, Volume 54, Issue 1, pp 57–68 | Cite as

Developement of serum-free media in CHO-DG44 cells using a central composite statistical design

  • Ananth Parampalli
  • Kent Eskridge
  • Leonard Smith
  • Michael M. Meagher
  • Mark C. Mowry
  • Anuradha SubramanianEmail author
Original Research


A serum free medium was developed for the production of recombinant antibody against Botulinum A (BoNTA) using dihydrofolate reductase deficient Chinese Hamster Ovary Cells (CHO-DG44) in suspension culture. An initial control basal medium was prepared, which was similar in composition to HAM’s F12: IMDM (1:1) supplemented with insulin, transeferrin, selenium and a lipid mixture. The vitamin concentration of the basal medium was twice that of HAM’s F12: IMDM (1:1). CHO-DG44 cells expressing S25 antibody grew from 2 × 105 cells to maximum cell density of 1.04 × 106 cells/ml after 5 days in this control medium. A central composite design was used to identify optimal levels and interaction among five groups of medium components. These five groups were glutamine, Essential Amino Acids (EAA), Non Essential Amino Acids (NEAA), Insulin, Transferrin, Selenium (ITS), and lipids. Fifty experiments were carried out in four batches, with two controls in each batch. There was little effect of ITS and Lipid concentrations over the range studied, and glutamine concentration showed a strong interaction with EAA. The optimal concentrations of the variables studied were 2.5 mM Glutamine, 7.4 mM (2×) EAA, 1.4 mM (0.5×) NEAA, 1× ITS supplement, 0.7× Lipids supplement. The maximum viable cell density attained in the optimized medium was 1.4 × 106 cells/ml, a 35% improvement over the control culture, while the final antibody titer attained was 22 ± 3.4 μg/mL, a 50% improvement.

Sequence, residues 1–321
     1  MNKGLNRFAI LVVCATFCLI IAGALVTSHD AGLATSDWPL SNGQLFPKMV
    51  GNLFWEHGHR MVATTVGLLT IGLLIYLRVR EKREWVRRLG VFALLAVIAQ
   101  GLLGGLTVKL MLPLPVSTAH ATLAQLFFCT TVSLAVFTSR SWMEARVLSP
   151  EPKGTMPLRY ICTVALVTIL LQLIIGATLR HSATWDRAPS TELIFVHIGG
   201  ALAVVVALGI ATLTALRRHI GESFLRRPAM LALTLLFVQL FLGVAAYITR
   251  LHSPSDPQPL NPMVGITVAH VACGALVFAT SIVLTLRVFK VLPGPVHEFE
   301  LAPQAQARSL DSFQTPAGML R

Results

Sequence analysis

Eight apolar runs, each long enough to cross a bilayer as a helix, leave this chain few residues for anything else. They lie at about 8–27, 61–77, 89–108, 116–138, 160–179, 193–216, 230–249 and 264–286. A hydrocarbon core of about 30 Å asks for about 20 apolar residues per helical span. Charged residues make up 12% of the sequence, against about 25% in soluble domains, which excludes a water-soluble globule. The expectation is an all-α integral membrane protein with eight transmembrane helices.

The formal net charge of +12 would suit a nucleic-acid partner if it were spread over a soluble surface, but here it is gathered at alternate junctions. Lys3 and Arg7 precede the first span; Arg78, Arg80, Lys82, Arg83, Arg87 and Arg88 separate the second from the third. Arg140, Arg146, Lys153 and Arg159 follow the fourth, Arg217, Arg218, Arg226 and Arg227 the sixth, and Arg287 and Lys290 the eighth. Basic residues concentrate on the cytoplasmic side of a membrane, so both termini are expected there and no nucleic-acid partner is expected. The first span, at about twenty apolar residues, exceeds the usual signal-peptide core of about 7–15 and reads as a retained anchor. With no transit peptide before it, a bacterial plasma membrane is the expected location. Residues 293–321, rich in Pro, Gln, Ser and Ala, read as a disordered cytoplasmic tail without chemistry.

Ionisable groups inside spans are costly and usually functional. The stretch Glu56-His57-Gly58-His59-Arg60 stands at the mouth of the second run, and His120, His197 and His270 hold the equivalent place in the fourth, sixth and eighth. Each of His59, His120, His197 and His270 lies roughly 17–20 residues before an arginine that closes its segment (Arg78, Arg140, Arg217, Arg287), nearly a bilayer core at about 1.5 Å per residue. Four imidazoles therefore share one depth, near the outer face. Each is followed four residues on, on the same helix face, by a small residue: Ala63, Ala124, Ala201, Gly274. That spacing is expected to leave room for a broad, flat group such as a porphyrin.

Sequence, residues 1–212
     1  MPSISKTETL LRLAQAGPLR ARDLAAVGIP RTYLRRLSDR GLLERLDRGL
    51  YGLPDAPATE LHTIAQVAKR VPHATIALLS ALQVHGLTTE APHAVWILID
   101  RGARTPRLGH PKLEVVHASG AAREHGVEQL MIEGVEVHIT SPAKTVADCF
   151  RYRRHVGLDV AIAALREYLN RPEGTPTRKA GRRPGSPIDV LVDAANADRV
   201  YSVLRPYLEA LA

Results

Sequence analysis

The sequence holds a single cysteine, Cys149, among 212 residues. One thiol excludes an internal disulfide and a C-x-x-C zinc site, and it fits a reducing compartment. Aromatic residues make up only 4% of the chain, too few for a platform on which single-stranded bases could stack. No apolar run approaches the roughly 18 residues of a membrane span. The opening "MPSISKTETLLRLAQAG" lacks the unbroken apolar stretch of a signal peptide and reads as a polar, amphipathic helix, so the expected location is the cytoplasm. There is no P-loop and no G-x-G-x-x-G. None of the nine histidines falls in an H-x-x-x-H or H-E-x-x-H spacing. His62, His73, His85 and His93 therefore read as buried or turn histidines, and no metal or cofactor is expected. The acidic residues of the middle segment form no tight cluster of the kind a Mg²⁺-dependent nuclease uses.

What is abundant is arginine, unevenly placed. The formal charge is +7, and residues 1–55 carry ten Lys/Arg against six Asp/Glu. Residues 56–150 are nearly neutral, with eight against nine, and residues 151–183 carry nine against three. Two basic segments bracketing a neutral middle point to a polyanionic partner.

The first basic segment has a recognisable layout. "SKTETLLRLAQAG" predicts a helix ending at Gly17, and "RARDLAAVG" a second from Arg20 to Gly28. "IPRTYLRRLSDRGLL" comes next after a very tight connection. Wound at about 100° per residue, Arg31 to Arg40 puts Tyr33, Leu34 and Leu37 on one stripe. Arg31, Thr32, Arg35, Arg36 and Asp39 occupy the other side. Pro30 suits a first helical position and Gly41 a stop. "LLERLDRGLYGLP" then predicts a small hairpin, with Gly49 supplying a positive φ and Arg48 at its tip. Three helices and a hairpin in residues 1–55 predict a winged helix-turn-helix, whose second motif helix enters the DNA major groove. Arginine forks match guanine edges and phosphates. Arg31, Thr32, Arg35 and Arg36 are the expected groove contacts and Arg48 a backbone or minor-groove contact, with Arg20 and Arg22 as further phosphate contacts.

Response surface method Media optimization 


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Copyright information

© Springer Science+Business Media B.V. 2007

Authors and Affiliations

  • Ananth Parampalli
    • 1
  • Kent Eskridge
    • 3
  • Leonard Smith
    • 2
  • Michael M. Meagher
    • 1
  • Mark C. Mowry
    • 1
  • Anuradha Subramanian
    • 1
    Email author
  1. 1.Department of Chemical EngineeringUniversity of NebraskaLincolnUSA
  2. 2.Toxicology and Aerobiology DivisionU.S. Army Medical Research Institute of Infectious DiseasesFrederickUSA
  3. 3.Department of StatisticsUniversity of NebraskaLincolnUSA

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